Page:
Background Hemophagocytic lymphohistiocytosis (HLH) is a rare life-threatening disease affecting mostly children but also adults and characterized by hyperinflammatory features. A subset of patients, referred to as having familial hemophagocytic lymphohistiocytosis (FHL), have various underlying genetic abnormalities, the frequencies of which have not been systematically determined previously. Objective This work aims to further our understanding of the pathogenic bases of this rare condition based on an analysis of our 25 years of experience. Methods From our registry, we have analyzed a total of 500 unselected patients with HLH. Results Biallelic pathogenic mutations defining FHL were found in 171 (34%) patients; the proportion of FHL was much higher (64%) in patients given a diagnosis during the first year of life. Taken together, mutations of the genes PRF1 (FHL2) and UNC13D (FHL3) accounted for 70% of cases of FHL. Overall, a genetic diagnosis was possible in more than 90% of our patients with FHL. Perforin expression and the extent of degranulation have been more useful for diagnosing FHL than hemophagocytosis and the cytotoxicity assay. Of 281 (56%) patients classified as having "sporadic" HLH, 43 had monoallelic mutations in one of the FHL-defining genes. Given this gene dosage effect, FHL is not strictly recessive. Conclusion We suggest that the clinical syndrome HLH generally results from the combined effects of an exogenous trigger and genetic predisposition. Within this combination, different weights of exogenous and genetic factors account for the wide disease spectrum that ranges from HLH secondary to severe infection to FHL.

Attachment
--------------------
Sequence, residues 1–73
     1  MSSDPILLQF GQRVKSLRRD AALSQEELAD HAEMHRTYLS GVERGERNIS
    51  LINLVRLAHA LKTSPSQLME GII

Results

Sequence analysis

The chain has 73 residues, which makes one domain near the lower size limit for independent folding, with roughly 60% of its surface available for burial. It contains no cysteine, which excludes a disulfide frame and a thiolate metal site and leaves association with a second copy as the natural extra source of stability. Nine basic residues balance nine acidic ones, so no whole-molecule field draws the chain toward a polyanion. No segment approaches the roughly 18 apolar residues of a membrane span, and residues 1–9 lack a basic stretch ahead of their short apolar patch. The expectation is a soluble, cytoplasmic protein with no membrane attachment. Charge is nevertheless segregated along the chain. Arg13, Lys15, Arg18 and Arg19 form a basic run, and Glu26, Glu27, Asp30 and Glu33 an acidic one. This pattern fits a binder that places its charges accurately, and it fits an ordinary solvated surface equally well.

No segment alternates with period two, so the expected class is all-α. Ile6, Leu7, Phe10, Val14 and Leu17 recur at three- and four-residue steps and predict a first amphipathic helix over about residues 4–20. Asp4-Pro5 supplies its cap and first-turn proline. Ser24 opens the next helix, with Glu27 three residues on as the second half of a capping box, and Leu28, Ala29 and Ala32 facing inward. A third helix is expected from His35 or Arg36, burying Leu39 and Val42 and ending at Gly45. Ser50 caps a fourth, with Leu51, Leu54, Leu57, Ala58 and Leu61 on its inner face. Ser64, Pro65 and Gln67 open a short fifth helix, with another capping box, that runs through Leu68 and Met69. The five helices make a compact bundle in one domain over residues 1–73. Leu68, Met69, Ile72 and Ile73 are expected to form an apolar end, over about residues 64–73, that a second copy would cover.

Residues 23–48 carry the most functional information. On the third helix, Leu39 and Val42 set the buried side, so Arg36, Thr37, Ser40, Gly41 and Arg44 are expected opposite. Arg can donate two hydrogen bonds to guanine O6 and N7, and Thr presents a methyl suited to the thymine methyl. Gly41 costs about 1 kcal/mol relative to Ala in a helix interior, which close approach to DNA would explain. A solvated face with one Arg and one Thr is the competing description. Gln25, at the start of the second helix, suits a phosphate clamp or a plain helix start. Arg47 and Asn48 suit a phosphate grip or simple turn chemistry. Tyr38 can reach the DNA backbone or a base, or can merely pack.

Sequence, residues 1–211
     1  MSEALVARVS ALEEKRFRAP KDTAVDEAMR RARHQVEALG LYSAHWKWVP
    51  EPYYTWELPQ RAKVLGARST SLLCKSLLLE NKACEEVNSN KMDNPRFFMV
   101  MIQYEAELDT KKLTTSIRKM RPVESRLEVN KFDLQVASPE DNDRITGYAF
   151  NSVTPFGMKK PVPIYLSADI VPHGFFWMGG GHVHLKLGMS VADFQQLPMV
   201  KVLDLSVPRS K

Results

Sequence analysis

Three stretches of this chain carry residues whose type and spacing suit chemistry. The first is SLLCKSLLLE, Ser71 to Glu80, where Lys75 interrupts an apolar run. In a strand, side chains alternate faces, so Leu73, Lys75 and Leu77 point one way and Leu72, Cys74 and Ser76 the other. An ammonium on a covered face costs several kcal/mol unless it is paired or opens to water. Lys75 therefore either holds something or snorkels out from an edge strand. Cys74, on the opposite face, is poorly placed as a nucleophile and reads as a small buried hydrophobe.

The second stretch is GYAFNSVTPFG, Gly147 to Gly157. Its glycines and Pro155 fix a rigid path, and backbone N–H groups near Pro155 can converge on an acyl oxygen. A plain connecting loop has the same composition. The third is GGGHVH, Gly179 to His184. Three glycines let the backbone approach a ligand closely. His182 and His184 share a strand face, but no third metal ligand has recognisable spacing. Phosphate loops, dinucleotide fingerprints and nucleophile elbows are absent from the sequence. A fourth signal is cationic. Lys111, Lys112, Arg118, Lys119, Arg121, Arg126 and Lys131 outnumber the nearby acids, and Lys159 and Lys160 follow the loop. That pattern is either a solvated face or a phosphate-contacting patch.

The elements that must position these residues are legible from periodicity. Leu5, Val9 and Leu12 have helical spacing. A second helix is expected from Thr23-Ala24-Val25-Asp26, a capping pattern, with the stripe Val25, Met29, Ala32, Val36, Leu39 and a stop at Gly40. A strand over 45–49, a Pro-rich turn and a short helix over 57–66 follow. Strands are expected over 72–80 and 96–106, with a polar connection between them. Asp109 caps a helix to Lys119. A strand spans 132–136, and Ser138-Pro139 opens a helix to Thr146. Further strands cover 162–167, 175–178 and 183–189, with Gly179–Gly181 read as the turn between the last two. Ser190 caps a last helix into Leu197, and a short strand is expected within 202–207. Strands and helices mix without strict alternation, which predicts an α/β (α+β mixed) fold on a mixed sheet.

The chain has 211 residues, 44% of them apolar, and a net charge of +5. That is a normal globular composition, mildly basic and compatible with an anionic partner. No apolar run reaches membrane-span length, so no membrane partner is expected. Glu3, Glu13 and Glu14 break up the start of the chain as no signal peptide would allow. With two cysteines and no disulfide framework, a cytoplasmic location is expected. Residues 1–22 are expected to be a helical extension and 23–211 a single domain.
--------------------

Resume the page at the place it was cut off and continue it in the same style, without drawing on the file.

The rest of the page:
- Hemophagocytic lymphohistiocytosis
- immunologic tests
ASJC Scopus subject areas
- Immunology and Allergy